Figure 1a. Windrow 1 on bare ground above buried lysimeters | Figure 1b. Windrow 2 constructed on heavy plastic

October 25, 2012 | General

Road Kill Composting Implementation In Virginia

Study investigating static windrow composting of road-killed deer with wood chips finds minimal leachate discharge and effective pathogen destruction.

B.M. Donaldson, G. P. Smith, Y. Kweon, D.L. Wilson and N. Sriranganathan
BioCycle October 2012, Vol. 53, No. 10, p. 39

Approximately 1.1 million deer-vehicle collisions occur in the United States each year. Many states are trying to identify cost-effective and environmentally friendly ways to manage the millions of animal carcasses left on the roadside. Currently, the predominant methods include using disposal facilities, such as landfills, and burying or dragging the carcasses further from the road within the right of way. These disposal methods have several costly and unsustainable disadvantages, including long travel distances to landfills, increasing landfill restrictions, and lack of viable burial areas. Composting is one easily managed option that has met with success in some states, while other states have costly regulations that unintentionally discourage implementation.

Figure 1a. Windrow 1 on bare ground above buried lysimeters | Figure 1b. Windrow 2 constructed on heavy plastic

Figure 1a. Windrow 1 on bare ground above buried lysimeters | Figure 1b. Windrow 2 constructed on heavy plastic

Under some state regulations, including those of Virginia, most animal carcasses are considered a solid waste. Composting animals killed by vehicles must, therefore, comply with the siting, construction, and testing requirements for solid waste composting. Several requirements in these regulations are intended to prevent leachate from composting operations from entering groundwater. Virginia compost regulations require the construction of windrows on an impermeable surface; the capture and treatment or proper disposal of leachate; and the testing of compost for metals, compost stability, and pathogens.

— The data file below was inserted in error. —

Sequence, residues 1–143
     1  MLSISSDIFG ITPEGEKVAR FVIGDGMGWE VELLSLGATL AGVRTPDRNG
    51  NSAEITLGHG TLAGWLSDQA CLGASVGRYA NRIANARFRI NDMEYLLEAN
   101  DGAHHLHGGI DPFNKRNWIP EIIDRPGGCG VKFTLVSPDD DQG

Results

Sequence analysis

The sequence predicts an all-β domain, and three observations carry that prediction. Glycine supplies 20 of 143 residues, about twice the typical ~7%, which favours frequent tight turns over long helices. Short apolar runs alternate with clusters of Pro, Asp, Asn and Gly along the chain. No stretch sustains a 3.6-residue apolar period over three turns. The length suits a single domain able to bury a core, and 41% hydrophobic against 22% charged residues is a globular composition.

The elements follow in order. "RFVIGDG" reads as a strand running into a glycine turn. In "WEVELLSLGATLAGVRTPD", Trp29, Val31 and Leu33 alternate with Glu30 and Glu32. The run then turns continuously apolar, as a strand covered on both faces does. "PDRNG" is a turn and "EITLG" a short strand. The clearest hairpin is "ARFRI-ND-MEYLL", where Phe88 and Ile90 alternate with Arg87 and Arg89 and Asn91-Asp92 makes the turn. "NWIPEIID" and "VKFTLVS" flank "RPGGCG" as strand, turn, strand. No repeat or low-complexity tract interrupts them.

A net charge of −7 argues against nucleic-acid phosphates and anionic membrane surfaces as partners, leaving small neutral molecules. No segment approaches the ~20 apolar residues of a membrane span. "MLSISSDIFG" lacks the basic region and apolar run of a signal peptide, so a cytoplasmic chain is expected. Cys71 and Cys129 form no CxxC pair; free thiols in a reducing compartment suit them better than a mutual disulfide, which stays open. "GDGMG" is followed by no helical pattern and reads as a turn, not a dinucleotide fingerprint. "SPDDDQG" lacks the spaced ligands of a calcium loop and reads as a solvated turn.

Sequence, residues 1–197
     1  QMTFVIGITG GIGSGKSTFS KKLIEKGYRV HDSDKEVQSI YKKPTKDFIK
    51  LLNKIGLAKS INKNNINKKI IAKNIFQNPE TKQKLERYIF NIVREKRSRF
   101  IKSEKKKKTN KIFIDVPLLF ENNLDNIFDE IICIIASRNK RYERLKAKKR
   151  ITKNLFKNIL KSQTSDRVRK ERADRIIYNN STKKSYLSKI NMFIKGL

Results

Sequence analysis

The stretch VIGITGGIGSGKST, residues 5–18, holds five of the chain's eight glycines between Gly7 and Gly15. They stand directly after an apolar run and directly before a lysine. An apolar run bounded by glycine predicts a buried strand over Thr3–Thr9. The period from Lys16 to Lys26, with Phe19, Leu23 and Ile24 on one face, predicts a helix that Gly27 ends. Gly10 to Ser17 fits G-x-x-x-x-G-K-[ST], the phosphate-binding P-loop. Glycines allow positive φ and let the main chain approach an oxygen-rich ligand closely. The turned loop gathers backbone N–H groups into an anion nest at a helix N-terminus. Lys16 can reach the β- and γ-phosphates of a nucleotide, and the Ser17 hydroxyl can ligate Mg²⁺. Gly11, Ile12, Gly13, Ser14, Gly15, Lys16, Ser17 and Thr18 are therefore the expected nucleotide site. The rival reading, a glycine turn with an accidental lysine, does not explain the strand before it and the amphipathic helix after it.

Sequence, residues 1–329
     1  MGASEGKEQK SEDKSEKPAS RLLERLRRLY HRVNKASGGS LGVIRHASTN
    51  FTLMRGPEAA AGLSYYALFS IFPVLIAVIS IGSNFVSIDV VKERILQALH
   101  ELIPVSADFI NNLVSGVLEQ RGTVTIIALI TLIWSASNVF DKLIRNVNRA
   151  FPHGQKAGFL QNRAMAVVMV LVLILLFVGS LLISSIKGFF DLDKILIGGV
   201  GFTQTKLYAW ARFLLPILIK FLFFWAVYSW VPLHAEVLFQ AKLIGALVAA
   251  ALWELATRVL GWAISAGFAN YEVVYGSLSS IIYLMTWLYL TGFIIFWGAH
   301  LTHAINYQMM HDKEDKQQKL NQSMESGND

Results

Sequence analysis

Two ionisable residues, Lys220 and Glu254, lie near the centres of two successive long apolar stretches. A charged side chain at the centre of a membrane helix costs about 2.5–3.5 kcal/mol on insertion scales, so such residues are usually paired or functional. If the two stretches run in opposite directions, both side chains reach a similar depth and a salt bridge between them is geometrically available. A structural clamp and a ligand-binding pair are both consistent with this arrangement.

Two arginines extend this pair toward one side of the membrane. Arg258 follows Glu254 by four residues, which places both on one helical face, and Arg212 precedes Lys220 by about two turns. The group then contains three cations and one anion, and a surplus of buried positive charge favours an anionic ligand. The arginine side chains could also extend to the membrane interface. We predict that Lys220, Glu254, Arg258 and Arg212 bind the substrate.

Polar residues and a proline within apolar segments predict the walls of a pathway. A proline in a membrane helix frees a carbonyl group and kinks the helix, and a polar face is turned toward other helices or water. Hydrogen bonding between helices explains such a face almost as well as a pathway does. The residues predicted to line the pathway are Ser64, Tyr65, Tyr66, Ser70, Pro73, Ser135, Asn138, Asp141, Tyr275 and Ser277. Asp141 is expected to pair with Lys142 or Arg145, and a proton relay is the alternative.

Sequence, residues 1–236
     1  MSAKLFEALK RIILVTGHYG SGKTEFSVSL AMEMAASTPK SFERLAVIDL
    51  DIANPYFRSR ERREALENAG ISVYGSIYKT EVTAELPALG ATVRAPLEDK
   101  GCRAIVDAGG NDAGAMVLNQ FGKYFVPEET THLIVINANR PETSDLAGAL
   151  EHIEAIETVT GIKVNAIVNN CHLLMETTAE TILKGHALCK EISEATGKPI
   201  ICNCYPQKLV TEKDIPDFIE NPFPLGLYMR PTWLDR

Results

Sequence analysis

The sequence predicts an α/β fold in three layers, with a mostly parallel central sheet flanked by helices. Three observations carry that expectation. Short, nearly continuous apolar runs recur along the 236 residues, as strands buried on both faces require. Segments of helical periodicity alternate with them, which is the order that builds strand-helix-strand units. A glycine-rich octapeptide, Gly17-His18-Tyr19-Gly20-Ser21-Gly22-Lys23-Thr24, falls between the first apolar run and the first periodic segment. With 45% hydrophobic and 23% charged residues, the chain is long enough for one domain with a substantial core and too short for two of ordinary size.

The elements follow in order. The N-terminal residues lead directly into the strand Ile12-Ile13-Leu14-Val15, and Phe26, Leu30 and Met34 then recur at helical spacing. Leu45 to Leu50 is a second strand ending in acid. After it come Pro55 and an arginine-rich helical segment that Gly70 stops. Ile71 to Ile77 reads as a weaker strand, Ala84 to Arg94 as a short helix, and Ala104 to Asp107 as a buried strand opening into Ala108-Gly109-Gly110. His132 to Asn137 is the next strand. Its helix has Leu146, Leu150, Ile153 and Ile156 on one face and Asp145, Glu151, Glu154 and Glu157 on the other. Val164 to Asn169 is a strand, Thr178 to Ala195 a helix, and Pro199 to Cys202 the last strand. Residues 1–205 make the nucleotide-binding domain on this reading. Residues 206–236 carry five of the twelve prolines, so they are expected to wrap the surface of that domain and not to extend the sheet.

In Virginia, more than 48,700 deer-vehicle collisions occurred from 2010 through 2011. The Virginia Department of Transportation (VDOT) is responsible for the removal and disposal of carcasses along the state road system and has spent an annual average of $4.1 million on carcass removal and disposal in the past five fiscal years (2007-2011). A study conducted by the Virginia Center for Transportation Innovation and Research (VCTIR), VDOT’s research division, constructed passively aerated static composting windrows containing deer carcasses and monitored them over the course of a 1-year study period. The windrows were analyzed for pathogen destruction and the degree to which underlying soil filtered leachate contaminants.

Study Design

The construction of the windrows involved enveloping the carcasses of road-killed deer in wood chips and allowing the windrows to sit undisturbed. Figures 1a and 1b illustrate the windrow designs used in this study. The wood chips were obtained from VDOT chipping machines and are readily available to most maintenance areas in the state. The absorbent and bulky quality of wood chips helps maintain proper moisture levels and oxygen flow, and their high carbon content balances the high nitrogen content of animal carcasses.
Three 8-foot by 12-foot static composting windrows were constructed and monitored for one year. Windrow 1 (Figure 1a) contained four deer carcasses and was constructed on bare ground above two buried lysimeters. The lysimeters collected leachate that percolated through the windrow and 10 inches of underlying soil. Windrow 2 (Figure 1b) also contained four deer carcasses and was designed to demonstrate a worst case scenario with no filtering of leachate through the soil beneath the windrow. This windrow was constructed on heavy plastic that prevented leachate from entering the soil. Windrow 3 was constructed with the same design used with Windrow 1, but Windrow 3 contained only wood chips and served as the control for the study. Leachate volume was measured after each rainfall over the course of one year. Leachate was analyzed for constituents present in animal mortality (total organic carbon, chloride, ammonia-nitrogen, and nitrate-
nitrogen). The compost temperature was continuously monitored with the use of data loggers placed in the center of each windrow.